Keep Sleeping Babies Safe

July 14, 2014

Huron County, ON – As a public health nurse, Josée Cayer has visited many new parents and infants over her 23 years with the Huron County Health Unit. She’s passionate about parents having the most current information about keeping babies healthy and safe.

Cayer says most parents know that the safest position for their baby is to sleep on their back in a safety-approved crib, cradle or bassinet. “New guidelines recommend providing a safe sleep environment with a firm mattress and no pillows, comforters, quilts or bumper pads. There should be nothing in the sleep environment except a firm mattress and fitted sheet. Extra blankets, soft toys, sleep positioners and other products may add to the risk of suffocation, overheating and SIDS. It’s also recommended for a baby to be placed next to the parents’ bed in their own crib, cradle or bassinet for the first six months of life. This helps to decrease the risk of sudden infant death syndrome (SIDS).”

Cayer also advises:

      • Babies shouldn’t be left to sleep in baby swings, bouncers, strollers and car seats, especially if they’re not supervised. When a baby sleeps in this sitting position, his heavy head can fall forward and it makes it more difficult for him to breathe.
      • Move babies to a safe flat position to sleep or when parents arrive at their destination when using a car seat.
      • Playpens are not designed or tested for safe sleep so they can’t be used for unsupervised sleep. They may be advertised as portable cribs but they don’t meet the same safety requirements as cribs, cradles or bassinets.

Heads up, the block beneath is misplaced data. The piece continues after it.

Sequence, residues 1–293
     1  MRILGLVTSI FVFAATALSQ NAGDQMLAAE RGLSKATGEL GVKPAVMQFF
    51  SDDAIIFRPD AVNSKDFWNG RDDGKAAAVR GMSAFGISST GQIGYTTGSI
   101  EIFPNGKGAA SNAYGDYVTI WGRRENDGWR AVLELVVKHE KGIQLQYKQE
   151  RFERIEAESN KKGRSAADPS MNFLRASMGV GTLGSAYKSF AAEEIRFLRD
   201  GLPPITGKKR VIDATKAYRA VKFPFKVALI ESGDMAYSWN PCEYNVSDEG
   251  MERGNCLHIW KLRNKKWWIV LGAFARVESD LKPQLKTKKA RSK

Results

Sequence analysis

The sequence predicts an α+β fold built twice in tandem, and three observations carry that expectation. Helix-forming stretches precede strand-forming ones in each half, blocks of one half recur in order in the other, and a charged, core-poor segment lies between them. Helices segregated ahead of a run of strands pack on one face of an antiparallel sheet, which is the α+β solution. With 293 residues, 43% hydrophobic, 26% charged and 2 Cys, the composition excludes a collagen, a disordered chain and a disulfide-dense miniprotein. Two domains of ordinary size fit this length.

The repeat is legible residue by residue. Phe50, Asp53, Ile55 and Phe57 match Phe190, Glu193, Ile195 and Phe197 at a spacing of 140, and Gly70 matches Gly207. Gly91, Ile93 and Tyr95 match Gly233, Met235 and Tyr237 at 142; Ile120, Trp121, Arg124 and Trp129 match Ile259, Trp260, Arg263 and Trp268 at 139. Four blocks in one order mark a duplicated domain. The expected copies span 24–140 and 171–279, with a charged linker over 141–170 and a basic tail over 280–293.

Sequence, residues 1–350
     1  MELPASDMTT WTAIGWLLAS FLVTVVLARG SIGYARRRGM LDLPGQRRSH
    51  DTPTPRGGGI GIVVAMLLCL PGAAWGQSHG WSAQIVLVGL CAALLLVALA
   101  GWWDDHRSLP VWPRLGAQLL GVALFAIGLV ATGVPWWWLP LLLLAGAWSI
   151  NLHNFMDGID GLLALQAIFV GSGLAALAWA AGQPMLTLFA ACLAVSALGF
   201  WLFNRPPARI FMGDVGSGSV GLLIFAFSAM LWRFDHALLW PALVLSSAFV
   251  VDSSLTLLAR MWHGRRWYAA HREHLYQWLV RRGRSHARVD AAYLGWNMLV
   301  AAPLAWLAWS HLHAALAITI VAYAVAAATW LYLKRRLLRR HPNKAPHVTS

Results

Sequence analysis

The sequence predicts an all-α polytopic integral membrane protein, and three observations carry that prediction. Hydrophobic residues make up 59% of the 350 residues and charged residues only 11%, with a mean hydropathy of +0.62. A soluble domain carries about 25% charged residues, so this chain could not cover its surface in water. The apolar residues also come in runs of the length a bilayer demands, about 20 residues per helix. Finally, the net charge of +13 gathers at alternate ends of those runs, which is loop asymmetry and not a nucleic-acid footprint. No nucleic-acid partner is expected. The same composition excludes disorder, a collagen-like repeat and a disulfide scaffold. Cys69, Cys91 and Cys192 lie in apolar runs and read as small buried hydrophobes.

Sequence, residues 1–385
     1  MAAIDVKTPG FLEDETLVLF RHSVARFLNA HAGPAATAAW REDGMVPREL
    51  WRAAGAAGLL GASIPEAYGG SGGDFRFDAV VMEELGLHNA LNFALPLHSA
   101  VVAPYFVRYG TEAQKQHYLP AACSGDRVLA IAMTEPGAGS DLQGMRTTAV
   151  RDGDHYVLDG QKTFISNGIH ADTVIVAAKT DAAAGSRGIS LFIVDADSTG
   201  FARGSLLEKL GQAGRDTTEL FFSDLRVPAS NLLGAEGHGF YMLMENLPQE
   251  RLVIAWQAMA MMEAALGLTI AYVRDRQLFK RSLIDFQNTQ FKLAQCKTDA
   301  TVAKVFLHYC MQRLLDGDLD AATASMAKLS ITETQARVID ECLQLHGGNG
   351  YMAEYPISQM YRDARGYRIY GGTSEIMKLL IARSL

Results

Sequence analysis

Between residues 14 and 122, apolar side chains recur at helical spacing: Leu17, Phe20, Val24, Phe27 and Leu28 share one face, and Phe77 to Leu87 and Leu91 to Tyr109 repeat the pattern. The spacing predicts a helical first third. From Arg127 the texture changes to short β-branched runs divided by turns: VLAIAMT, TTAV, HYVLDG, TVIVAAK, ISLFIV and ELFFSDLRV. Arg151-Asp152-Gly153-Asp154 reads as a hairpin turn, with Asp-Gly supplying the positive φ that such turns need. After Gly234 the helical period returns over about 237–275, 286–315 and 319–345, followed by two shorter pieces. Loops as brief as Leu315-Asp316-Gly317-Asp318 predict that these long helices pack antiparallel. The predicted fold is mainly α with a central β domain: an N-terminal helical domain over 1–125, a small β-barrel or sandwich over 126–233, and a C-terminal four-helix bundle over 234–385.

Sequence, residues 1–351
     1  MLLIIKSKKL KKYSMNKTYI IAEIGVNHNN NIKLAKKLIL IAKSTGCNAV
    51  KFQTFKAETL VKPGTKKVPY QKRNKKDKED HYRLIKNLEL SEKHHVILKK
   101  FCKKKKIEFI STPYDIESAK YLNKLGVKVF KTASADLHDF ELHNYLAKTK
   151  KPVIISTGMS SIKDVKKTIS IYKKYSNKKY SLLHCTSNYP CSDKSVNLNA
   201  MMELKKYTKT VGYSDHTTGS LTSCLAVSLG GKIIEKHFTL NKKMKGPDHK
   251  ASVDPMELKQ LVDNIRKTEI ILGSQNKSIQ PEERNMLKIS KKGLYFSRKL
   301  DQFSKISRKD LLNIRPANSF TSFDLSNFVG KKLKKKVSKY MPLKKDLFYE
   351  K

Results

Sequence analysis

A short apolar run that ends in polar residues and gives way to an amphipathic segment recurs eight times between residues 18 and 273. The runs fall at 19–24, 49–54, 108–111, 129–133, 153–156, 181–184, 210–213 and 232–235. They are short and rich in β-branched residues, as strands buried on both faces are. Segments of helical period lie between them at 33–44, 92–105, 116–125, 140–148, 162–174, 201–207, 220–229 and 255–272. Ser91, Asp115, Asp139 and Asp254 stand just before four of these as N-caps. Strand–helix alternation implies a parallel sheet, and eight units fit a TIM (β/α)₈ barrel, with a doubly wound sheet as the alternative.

• It’s very important to always place babies on their back for every sleep. If a baby is placed on his tummy, unsupervised, for even just a short time, he is at a much higher risk for SIDS. Family, friends and caregivers may need to be reminded to always place baby on his back for sleep. Supervised tummy time is important to develop healthy muscles and to prevent flat head.
      • Babies are safest when they sleep in a fitted one-piece sleeper that makes them comfortable at room temperature and prevents overheating. Babies don’t need extra blankets because their head can become covered, which can cause them to overheat. If a blanket is needed, a thin, lightweight and breathable blanket may be used.
      • Parents may choose to use a sleep sack which must be the appropriate size for the baby to avoid the risk of the infant slipping in the sack. Sleep sacks must be used according to the manufacturer’s instructions.
      • Swaddling can also pose a risk because babies can overheat. If the blanket becomes unwrapped, the loose bedding can cover the baby’s face. Studies have shown that swaddling can also increase the risk of respiratory infections and hip problems if the blanket is wrapped too tightly and lower baby’s arousal level. Many hospitals no longer endorse swaddling because there is currently no evidence on the safe way to swaddle an infant.

Cayer says, “Parents may be worried that their baby will choke on their own fluids in the back position. Actually, it’s better for babies to lay on their back because there’s a protective mechanism that keeps their airway clear.”

The new guidelines were developed by the Public Health Agency of Canada and the Registered Nurses Association of Ontario. They also recommend that parents provide a smoke-free environment for their baby and breastfeed at least for the first year of life.


…Creating Healthy Communities Together…


Our media contact is: Sharon Brown, Huron County Health Unit, 519.482.3416 or toll-free 1.877.837.6143 ext. 2224

Our spokesperson is: Josée Cayer, Public Health Nurse. Our media contact will connect you to our spokesperson on this topic.


For more information contact:

Susan Cronin, County Clerk
519.524.8394 (ext 3257)